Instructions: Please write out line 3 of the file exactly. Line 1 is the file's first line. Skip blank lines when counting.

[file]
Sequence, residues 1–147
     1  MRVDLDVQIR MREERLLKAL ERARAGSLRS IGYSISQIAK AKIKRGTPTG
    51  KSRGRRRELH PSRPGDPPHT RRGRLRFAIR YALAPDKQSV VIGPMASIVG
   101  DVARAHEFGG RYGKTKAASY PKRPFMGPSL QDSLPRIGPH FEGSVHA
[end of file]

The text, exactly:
    51  KSRGRRRELH PSRPGDPPHT RRGRLRFAIR YALAPDKQSV VIGPMASIVG